There then remains the critical issue of quality control, and it is here that there are both the greatest fears and the least change. Publishers and editors have emphasized that there is no reason why electronic journals should not be subjected to the same quality controls as their printed predecessors. The functions of the editor, the members of the Editorial Board and the referees remain, and do not have to change simply because the output is in a different format. The changes are really technological rather than conceptual. The whole process of managing the editing and publication of a printed journal can be replicated for electronic journals, while achieving some efficiencies in the process which will contain costs without having an impact on quality. When properly conducted, electronic journals can meet all the traditional criteria for academic success in such matters as peer review, abstracting and citation. The problem is to persuade the user and author community that this is true, and there is evidence that they are not yet wholly convinced. Until universities accept the parity of esteem of electronic and printed journals, particularly for purposes of appointment and promotion (and in the United States for the critical issue of being granted tenure), some academics will hesitate to choose electronic publication. Ultimately, the issue will be resolved by a combination of cultural and economic factors; as print journals become less viable, electronic publication will become more acceptable.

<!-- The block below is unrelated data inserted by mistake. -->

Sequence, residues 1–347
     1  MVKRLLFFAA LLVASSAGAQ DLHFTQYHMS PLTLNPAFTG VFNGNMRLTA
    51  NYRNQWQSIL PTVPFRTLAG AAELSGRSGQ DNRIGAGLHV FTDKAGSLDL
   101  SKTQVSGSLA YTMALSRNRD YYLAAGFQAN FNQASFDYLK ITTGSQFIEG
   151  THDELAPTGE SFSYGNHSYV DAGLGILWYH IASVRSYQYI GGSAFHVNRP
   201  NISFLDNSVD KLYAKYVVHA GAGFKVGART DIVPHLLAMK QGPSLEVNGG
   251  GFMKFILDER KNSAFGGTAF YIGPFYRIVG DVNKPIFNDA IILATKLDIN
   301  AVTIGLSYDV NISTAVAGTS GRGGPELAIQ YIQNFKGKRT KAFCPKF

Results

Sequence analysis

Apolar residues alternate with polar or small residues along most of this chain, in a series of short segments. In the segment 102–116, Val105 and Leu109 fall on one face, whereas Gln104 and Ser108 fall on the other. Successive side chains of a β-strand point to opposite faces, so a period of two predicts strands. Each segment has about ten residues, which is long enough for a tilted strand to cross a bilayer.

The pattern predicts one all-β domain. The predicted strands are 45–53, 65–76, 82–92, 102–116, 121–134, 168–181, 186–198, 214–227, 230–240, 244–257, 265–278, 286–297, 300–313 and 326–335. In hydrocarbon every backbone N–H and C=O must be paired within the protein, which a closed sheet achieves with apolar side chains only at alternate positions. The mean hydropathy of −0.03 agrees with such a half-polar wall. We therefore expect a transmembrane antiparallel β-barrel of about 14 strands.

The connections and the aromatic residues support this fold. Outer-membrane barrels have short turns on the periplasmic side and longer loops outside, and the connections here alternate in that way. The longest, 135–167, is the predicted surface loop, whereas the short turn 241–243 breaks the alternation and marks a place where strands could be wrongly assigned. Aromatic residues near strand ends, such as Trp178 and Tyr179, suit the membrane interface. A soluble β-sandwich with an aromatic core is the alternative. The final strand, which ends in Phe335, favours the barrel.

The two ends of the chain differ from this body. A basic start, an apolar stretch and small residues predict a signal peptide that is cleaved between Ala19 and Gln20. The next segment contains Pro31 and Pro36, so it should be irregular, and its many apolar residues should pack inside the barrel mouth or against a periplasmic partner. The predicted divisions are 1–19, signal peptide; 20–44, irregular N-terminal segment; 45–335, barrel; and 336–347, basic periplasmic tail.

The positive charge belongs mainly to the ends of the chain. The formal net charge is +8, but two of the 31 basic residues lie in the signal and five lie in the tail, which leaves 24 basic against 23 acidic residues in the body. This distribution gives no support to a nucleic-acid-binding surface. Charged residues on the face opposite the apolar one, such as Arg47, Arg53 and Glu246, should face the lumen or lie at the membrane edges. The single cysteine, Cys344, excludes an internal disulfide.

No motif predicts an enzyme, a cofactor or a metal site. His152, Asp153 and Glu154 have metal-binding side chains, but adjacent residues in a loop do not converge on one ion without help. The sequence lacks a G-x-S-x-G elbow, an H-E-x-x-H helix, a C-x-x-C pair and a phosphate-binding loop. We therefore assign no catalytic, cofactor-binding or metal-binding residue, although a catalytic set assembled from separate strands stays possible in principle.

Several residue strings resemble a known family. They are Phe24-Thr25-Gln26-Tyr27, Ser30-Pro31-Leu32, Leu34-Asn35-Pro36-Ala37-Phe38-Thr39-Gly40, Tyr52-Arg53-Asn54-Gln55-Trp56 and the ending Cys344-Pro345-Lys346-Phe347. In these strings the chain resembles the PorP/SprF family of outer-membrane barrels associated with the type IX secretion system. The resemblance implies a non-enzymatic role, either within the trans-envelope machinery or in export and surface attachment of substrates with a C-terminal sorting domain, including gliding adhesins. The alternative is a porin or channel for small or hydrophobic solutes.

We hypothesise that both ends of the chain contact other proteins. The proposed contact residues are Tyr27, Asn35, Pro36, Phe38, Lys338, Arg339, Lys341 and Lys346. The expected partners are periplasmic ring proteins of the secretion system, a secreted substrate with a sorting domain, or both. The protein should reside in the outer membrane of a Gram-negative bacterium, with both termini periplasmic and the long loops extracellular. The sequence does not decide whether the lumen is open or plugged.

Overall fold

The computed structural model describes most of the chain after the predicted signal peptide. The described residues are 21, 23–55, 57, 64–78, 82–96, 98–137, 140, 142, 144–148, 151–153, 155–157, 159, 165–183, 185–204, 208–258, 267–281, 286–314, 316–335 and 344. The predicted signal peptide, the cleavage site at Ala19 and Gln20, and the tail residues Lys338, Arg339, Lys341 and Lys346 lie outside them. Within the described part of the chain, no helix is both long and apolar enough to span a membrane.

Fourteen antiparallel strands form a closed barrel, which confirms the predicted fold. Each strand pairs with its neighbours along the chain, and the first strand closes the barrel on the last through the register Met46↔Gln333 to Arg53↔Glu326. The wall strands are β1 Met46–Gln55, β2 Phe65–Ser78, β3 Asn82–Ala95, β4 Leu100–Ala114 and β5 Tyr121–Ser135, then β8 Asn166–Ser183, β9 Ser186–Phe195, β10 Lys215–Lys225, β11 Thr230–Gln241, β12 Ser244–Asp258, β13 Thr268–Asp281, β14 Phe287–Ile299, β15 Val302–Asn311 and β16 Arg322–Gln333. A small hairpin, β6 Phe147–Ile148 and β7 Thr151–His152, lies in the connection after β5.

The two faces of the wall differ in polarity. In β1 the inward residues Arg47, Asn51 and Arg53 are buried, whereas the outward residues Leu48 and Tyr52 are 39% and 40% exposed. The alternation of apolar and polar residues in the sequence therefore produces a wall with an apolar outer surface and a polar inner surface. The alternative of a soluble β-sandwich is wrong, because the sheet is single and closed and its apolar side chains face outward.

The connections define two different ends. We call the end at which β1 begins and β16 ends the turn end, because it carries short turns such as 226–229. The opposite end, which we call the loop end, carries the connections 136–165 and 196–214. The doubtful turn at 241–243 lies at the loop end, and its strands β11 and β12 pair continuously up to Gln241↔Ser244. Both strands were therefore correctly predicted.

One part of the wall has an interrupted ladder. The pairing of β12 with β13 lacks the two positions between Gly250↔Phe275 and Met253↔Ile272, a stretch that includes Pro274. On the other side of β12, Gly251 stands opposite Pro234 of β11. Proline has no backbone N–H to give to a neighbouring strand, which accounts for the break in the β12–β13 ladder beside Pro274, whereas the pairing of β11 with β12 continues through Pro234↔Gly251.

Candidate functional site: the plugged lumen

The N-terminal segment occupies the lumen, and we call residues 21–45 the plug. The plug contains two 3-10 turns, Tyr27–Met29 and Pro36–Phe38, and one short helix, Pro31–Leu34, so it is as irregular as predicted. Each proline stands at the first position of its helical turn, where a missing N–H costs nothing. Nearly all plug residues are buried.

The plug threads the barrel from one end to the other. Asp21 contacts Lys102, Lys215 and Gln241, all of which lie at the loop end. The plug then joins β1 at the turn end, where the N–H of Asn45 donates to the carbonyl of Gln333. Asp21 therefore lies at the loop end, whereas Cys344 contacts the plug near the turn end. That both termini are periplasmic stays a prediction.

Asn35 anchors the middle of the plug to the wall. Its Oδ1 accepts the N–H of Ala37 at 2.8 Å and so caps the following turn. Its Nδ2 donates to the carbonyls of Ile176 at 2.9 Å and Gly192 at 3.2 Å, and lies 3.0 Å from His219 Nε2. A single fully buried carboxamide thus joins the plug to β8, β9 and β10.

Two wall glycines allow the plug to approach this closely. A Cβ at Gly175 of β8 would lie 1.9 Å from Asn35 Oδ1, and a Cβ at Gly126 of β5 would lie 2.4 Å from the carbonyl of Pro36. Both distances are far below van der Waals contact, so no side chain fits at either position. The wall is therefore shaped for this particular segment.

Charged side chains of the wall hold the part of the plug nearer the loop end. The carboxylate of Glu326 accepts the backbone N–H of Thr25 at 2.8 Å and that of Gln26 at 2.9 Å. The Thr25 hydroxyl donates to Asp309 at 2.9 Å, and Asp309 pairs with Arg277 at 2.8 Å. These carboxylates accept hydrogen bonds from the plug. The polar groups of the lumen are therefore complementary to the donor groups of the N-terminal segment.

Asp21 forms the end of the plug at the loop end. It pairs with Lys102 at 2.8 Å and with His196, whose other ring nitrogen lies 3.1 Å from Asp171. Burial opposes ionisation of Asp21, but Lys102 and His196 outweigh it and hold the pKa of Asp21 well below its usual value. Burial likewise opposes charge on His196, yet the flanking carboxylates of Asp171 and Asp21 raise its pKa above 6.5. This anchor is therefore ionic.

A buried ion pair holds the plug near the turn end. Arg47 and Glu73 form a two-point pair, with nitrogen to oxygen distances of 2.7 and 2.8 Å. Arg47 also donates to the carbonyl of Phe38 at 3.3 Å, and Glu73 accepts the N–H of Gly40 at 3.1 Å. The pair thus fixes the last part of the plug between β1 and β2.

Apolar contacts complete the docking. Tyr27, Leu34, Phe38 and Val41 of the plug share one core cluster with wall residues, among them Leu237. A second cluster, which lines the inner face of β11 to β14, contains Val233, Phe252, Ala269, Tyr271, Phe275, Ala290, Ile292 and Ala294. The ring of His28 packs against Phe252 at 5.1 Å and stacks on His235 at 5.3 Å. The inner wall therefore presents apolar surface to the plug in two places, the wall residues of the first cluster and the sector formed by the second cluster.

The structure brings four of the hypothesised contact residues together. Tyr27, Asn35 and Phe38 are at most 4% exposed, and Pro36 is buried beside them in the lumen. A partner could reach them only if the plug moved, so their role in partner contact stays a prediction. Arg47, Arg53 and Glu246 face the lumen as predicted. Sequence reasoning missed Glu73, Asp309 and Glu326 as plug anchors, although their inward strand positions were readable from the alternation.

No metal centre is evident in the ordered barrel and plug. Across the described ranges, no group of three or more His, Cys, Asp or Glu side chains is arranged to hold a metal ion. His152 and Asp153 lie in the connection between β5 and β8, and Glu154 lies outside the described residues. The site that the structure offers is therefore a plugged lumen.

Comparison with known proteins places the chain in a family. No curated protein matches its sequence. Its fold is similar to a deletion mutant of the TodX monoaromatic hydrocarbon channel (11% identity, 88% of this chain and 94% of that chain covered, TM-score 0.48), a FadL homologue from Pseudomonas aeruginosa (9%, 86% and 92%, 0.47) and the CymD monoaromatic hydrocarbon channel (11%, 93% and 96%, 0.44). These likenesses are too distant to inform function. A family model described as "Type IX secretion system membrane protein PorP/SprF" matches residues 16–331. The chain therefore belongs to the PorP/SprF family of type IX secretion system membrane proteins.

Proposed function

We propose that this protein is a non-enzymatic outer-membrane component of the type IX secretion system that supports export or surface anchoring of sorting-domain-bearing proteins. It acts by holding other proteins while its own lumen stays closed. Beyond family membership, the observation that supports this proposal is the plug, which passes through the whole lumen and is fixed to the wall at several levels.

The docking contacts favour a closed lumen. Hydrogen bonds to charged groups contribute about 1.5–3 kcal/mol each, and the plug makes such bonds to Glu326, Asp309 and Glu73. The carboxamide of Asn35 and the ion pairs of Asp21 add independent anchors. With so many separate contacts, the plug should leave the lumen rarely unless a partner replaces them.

Of course, some printed journals will survive, at least for the time being. Most obviously those published by societies will probably continue in their present form, although gradually it can be expected that they too will be absorbed into the electronic world, if only through the appearance of parallel electronic versions. The journals with the largest circulations, those whose readership crosses the boundaries between subdisciplines and those which publish articles of interest to students, are likely to continue in printed form for longer than those which are more specialized. With their larger circulation they can often manage to maintain more reasonable levels of subscription and thus retain the very circulation which makes lower prices possible; the vicious circle of journal prices has a virtuous counterpart! It is also the case that the humanities and social sciences have been slower to develop electronic journals than have science, medicine and technology-based disciplines like computing itself. But there is now a trend towards the creation of electronic journals for the non-scientific parts of the academic community as well. Even some general interest magazines are beginning to appear in parallel versions, as a number of major newspapers have done for some years. The magazines include such major consumer titles as Newsweek, and political weeklies such as the New Statesmen, as well as slightly more specialized—but still consumer oriented—magazines like Scientific American. The newspapers include most of the world’s major titles such as The New York Times, The Times and Le Monde.